BRAINIAC - Attic Tapes/Brainiac From Dayton OH [2LP](Touch and Go)

Brainiac was doing the impossible for three albums - scaling the heights of Indie Rock without much press hoopla or critical uproar. Each album was becoming more parsed together from disparate resources and weirder sounds. Listening to the "Attic Tapes" is your chance to hear them develop as a band. In the groggy confines of a house, Brainiac pounded out riffs and inserted sounds with skill. Like most demos, you are listening for songs to take shape. So choruses leap out and with the squall being gone, Brainiac sounds like Jeff Buckley playing with Nirvana in places. "From Dayton, OH" puts their all-too-brief career into perspective, placing the disorder in order. Tim Taylor is at his best when being torn asunder from the band. He lays in wait for his next shriek or scream. He howls his words out in melody. He reacts to the band's amphetamine punk thrust with a barrage of words and sounds.  Brainiac, the band is blistering. Taylor is sorely missed.

CHEMICAL BROTHERS - The Darkness That You Fear [12"](Imperial/Republic)

Have to say, the advent of the classic Chemical Brothers slipping in a blazing dance track to Record Store Day is a welcome surprise. After Dance music lost a lot of steam over the past year AND we lost Daft Punk, the wizened siblings rage back with a beauty constructed from hypnotic horn breaks, smooth builds that carry you higher without you noticing, and a jumpy beat that sounds fantastic. "The Darkness That You Fear" is House music blended with modern EDM to the point where you cannot tell the difference. Not that you want to do anything to it - but dance.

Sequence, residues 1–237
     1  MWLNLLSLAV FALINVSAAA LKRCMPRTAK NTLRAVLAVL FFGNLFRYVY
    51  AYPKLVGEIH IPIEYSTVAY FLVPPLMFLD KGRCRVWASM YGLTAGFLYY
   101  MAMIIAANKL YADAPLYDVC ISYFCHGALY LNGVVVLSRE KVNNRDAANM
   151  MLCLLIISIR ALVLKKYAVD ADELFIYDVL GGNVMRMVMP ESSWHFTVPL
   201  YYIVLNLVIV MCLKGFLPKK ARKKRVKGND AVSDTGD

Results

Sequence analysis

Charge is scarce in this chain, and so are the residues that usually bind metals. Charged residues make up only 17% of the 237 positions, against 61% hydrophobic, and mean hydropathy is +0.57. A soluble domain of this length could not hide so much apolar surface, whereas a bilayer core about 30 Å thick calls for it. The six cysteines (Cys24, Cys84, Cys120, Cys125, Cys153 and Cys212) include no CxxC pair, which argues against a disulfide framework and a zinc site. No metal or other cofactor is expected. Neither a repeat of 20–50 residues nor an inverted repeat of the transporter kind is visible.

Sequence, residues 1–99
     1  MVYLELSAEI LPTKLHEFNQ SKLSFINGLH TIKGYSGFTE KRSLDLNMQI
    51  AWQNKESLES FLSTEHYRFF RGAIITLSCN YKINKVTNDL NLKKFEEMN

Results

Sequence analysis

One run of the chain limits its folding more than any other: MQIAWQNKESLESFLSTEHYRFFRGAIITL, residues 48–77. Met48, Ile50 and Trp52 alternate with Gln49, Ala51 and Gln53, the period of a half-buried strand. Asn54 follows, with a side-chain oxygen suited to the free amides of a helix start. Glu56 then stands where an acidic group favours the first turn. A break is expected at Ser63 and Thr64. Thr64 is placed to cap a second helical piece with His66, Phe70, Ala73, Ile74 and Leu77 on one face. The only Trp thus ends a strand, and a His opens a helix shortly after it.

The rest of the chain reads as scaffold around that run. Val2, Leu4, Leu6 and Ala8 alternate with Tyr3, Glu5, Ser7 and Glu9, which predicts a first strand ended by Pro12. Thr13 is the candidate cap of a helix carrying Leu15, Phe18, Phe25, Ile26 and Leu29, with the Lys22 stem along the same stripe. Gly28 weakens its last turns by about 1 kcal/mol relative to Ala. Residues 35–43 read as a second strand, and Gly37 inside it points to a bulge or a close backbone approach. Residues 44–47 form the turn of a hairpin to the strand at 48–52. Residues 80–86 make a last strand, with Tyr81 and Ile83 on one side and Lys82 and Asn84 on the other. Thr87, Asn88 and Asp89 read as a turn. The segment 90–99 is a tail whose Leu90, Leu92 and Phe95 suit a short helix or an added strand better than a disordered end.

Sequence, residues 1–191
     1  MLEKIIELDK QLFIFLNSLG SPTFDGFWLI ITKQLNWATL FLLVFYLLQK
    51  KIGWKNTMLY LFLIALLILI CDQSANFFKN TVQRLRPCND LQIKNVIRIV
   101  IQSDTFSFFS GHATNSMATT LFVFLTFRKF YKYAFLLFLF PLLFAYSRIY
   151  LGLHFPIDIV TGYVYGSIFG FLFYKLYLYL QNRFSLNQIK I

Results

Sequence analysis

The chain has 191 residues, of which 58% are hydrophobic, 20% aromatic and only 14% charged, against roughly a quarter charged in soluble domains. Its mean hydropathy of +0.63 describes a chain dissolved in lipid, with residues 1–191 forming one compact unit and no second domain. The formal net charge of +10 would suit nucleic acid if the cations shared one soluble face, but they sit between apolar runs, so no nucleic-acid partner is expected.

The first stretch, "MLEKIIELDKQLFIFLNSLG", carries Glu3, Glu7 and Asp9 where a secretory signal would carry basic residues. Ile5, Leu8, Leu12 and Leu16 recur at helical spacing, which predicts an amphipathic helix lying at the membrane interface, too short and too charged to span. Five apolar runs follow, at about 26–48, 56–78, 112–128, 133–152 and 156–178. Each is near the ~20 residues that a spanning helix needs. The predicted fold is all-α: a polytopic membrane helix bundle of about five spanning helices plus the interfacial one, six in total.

THE CURE -  Faith [PIC DISC LP](Fiction/Elektra/Rhino)

A word about mid-period Cure. The three "gloomy" albums that follow their sparkling/shocking introduction (1979's "Boys Don't Cry" or "Three Imaginary Boys,") remain The Cure at their most mysterious. In hindsight, "Seventeen Seconds," and "Faith" (as well as its bonus album "Carnage Visors") seem to be about doing a lot with very little being played. While The Cure is by no means minimalist, their tendency here to literally pour effects all over their music and vocals makes the songs into shadowy beasts that rise quickly and then descend back into your imagination once the next song comes on. If anything, the legacy of "Faith" is the mood that Cure will be able to conjure for the slower more downtrodden cuts on their way ("Sinking" that ends "The Head on The Door," "If Only Tonight We Could Sleep" from "Kiss Me Kiss Me Kiss Me," and finally how they master wielding ice and light on "Disintegration.") "The Holy Hour" with its phased bass, the propulsive chill (and weird sounds behind) "Other Voices" and painting with dark and light on the grim playground twist "Funeral Party" are all mesmerizing. "All Cats Are Grey" and "Primary" are staples of any Cure diet. In the end, it is far too easy to divide up The Cure's albums into what you want. "Faith" makes a bold step toward where "Pornography" will crush us all with despair AND where "The Head on The Door" will lift us (temporarily) out of our pallid mood.

DJ MARKY - Brazil 45 Boxset Vol.2 [7" BOX](Mr. Bongo UK)

Record Store Day's big prizes tend to be box sets. Elegantly printed and produced, these heirlooms are more than just heroic displays. Mr.Bongo makes bold and brilliant singles year-round. A split 7" is generally two tracks that belong in your arsenal to throw the next party into high gear. Last year's box by DJ Format was spectacular. But, DJ Marky may have actually bested it. It could easily be ruled a "win" just because it starts with Marcos Valle. However, that wise move was probably just to give us something familiar before putting the real treasures out there for all to hear. The best way to judge Brazilian music is on the quality of the break. With South America being the intersection of so many cultures and therefore rhythms, that central beat of a track is everything. So here are (no lie!) 10 exemplary songs that build to a fantastic peak.